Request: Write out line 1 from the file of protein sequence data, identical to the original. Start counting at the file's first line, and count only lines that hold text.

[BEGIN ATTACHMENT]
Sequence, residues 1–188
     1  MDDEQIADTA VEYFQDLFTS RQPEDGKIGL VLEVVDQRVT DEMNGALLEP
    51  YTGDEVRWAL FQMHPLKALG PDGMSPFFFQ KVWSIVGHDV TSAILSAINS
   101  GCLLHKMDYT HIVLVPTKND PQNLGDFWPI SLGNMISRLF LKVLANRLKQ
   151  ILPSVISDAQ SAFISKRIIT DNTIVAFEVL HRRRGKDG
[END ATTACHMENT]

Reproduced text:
Sequence, residues 1–188